The most spectacular part of the Regatta will take place on Sunday when the huge Parade of Sail starts at 5pm from Deptford Creek, during the Parade of Sail, the whole Tall Ships fleet will sail together down the Thames to the sea, before crossing the Atlantic and arriving in Quebec on 18 July 2017.
If you would like to find out more, visit the Royal Greenwich website here
In an exciting few weeks for the Island, we will have two major events on our doorstep. Later in the month is the London Marathon, but next week is a Tall Ships Regatta at Greenwich.
Over the Easter weekend, Greenwich will host the start of the Rendez-Vous 2017 Tall Ships Regatta. The regatta, organised by Sail Training International, will sail from Greenwich to Quebec in Canada, to mark the 150th anniversary of the Canadian Confederation.
The fleet of over 30 large Class A and B Tall Ships will gather for four days on the River Thames at Greenwich and Woolwich before setting sail for Canada via Sines in Portugal, Bermuda and Boston.
The ships will be anchored in the Thames alongside two Tall Ships festival villages. These will be located at the Maritime Greenwich in Greenwich town centre, and the Royal Arsenal riverside in Woolwich.
In the festival villages, there will be food stalls serving street foods and drinks will be available at bars at each of the Festival sites.
Some ships will be open for visitors to get on board to look around and talk to the crew and visitors can buy tickets to enjoy a cruise on the Tall Ships on the Thames to Tower Bridge and back.
There will plenty of maritime entertainment and live music from Thursday 13 April to Sunday 16 April, before the huge Parade of Sail starting at 5pm from Deptford Creek on Sunday 16 April.
During the Parade of Sail, the whole Tall Ships fleet will sail together down the Thames to the sea, before crossing the Atlantic and arriving in Quebec on 18 July 2017.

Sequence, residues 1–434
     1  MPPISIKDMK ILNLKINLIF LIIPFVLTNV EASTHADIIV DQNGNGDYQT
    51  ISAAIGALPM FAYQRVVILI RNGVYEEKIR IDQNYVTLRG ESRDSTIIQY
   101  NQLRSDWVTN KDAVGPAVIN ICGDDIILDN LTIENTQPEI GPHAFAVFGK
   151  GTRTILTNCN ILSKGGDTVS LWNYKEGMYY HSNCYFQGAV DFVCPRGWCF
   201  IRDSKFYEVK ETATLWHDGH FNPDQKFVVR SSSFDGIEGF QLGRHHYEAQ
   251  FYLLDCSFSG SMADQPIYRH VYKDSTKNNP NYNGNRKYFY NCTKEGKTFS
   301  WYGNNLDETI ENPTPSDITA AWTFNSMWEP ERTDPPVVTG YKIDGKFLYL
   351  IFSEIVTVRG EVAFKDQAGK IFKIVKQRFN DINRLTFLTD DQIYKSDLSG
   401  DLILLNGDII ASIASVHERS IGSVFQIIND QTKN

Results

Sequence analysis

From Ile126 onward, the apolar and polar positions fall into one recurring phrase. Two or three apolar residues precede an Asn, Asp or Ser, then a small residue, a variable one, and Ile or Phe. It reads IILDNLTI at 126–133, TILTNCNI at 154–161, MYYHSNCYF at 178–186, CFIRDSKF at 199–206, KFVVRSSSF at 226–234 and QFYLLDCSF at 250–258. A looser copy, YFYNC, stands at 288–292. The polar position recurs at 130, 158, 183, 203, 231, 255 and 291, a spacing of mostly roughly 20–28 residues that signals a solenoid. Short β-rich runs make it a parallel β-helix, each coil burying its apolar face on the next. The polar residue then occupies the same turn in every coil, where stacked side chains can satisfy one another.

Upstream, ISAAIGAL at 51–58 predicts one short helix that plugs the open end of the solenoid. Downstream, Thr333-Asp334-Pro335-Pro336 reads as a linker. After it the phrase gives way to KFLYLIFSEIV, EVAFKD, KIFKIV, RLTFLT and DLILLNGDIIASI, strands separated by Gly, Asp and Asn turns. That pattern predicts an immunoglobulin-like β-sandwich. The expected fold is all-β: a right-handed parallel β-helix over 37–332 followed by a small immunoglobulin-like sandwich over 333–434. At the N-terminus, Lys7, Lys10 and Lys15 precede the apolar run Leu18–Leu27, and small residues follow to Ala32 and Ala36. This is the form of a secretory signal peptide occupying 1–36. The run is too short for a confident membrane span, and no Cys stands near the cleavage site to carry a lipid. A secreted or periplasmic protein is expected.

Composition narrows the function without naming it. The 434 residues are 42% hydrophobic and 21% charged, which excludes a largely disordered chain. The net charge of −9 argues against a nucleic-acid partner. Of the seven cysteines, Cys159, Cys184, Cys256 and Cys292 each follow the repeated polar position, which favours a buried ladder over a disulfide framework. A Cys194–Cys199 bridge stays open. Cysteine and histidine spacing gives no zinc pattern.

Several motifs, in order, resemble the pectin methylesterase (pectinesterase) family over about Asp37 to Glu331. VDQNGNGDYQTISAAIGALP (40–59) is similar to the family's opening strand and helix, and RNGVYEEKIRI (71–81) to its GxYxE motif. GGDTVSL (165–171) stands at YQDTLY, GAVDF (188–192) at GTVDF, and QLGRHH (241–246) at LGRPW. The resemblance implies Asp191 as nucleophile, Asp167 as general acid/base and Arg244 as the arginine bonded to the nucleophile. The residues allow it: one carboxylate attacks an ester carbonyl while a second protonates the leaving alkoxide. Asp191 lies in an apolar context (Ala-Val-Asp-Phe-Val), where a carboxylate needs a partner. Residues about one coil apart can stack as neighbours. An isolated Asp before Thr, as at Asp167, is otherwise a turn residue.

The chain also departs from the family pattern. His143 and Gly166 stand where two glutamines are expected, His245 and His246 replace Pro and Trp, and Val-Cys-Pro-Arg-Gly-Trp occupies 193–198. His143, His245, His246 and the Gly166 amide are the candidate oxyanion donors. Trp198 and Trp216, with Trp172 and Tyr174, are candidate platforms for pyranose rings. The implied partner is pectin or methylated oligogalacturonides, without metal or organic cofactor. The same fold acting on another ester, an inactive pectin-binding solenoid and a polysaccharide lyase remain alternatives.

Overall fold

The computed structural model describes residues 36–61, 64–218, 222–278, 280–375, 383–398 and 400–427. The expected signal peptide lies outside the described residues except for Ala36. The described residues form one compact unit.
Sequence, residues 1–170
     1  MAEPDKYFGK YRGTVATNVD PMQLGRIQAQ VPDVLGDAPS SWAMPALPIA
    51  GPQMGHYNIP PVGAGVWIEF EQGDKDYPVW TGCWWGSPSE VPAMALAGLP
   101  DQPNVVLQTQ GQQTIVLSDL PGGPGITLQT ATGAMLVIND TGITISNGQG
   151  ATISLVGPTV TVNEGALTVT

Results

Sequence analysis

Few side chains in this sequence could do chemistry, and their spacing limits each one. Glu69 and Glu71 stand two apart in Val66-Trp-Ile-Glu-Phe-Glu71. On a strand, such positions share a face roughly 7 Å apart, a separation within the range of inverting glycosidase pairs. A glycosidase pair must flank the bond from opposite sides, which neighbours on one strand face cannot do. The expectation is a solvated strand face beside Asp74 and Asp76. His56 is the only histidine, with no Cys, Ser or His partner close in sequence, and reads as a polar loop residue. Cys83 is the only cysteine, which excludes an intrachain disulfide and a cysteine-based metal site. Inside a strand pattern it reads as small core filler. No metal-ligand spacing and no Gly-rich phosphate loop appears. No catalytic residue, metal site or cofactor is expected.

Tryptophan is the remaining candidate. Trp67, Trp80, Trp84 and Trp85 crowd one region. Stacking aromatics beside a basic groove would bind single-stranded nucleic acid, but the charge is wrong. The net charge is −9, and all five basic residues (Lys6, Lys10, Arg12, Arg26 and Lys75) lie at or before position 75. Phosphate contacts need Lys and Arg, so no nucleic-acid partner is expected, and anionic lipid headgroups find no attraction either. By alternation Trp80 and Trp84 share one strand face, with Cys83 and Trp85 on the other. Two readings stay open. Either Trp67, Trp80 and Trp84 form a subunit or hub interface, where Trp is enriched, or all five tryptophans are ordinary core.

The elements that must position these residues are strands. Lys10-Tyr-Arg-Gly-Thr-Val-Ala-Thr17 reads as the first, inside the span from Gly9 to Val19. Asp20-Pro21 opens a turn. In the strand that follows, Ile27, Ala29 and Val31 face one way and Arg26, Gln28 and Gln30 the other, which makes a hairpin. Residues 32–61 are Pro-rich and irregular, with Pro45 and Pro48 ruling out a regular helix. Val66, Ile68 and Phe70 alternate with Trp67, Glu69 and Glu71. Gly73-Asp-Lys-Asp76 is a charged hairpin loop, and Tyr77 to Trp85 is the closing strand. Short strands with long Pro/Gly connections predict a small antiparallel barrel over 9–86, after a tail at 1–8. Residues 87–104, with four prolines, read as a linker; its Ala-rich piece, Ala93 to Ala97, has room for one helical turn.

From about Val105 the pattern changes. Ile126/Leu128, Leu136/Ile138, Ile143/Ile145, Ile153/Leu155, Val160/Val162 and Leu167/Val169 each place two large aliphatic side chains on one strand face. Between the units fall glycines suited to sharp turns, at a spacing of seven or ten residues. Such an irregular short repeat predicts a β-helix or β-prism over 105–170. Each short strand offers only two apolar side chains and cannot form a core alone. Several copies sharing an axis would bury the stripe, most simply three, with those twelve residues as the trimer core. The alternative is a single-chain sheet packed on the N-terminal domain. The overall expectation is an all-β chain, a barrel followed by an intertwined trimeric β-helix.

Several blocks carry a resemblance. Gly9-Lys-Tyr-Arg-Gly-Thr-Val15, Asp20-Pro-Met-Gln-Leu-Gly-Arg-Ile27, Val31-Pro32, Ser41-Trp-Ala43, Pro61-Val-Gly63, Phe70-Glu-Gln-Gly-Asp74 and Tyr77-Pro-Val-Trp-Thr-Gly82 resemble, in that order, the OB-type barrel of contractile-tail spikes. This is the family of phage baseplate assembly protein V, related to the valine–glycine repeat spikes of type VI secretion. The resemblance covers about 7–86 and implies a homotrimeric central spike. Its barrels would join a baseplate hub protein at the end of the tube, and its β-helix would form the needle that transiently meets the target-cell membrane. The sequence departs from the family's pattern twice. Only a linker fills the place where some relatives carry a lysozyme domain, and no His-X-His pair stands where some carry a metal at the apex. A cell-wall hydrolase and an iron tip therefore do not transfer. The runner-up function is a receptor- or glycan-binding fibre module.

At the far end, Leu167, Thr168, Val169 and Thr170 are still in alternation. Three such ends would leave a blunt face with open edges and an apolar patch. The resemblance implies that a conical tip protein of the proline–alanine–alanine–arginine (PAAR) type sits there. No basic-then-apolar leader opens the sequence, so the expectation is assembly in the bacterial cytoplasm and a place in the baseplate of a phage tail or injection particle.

Watching the tall ships is always a fantastic sight and I will be out and about bringing you some stories and articles from the Regatta.
If you would like to find out more, visit the Royal Greenwich website here
One of the most remarkable stories of the last 60 years in London is the way the River Thames has recovered from being considered ‘biologically’ dead in 1950s to now being home to hundreds of species of fish and animals.
The Thames was declared biologically ‘dead’ by the Natural History Museum in the 50s when its waters were considered devoid of oxygen and unable to sustain life. After the introduction of tough legislation in the late 20th century, the river has made such a comeback that it is estimated that 400 invertebrates and 125 species of fish, have returned to the murky waters.
One of the delights of this turnaround is that we are seeing seals, dolphins, porpoises and the occasional whale further up the river. Although the waters around the Isle of Dogs is considered a bit of a hot spot for sightings, it is more likely that you will see a seal and often you tend to suspect it might be Sammy the permanent resident at Billingsgate Market.
Last week, I was contacted by Andrew Parnell who provided some evidence of a more spectacular sighting. Andrew is a City of London guide who leads walks around the Island, one of the walks entitled Treasure Island: The Isle of Dogs’ Hidden Gems reveals some of the lesser known architectural gems of the Isle of Dogs.
One a recent walk, Andrew was near Livingstone Place when he and his group came across some marine ‘gems’ when he spotted a number of porpoises in the river. Andrew took a brief video on his phone and has kindly given permission for me to use some photographs taken from the footage.
In the video is at least three different porpoises which have been identified as harbour porpoises but there may have been more.
It really is a remarkable sight to see porpoises this far up the river moving towards the centre of London. However it is unlikely they were ‘sightseeing’, quite often marine mammals follow their food for long distances.
On my frequent walks around the Island, I will looking at the river with renewed interest, hoping to spot more of our marine visitors.
Many thanks to Andrew for sharing his sighting and if you are interested in joining his walk around the Isle of Dogs, visit his website here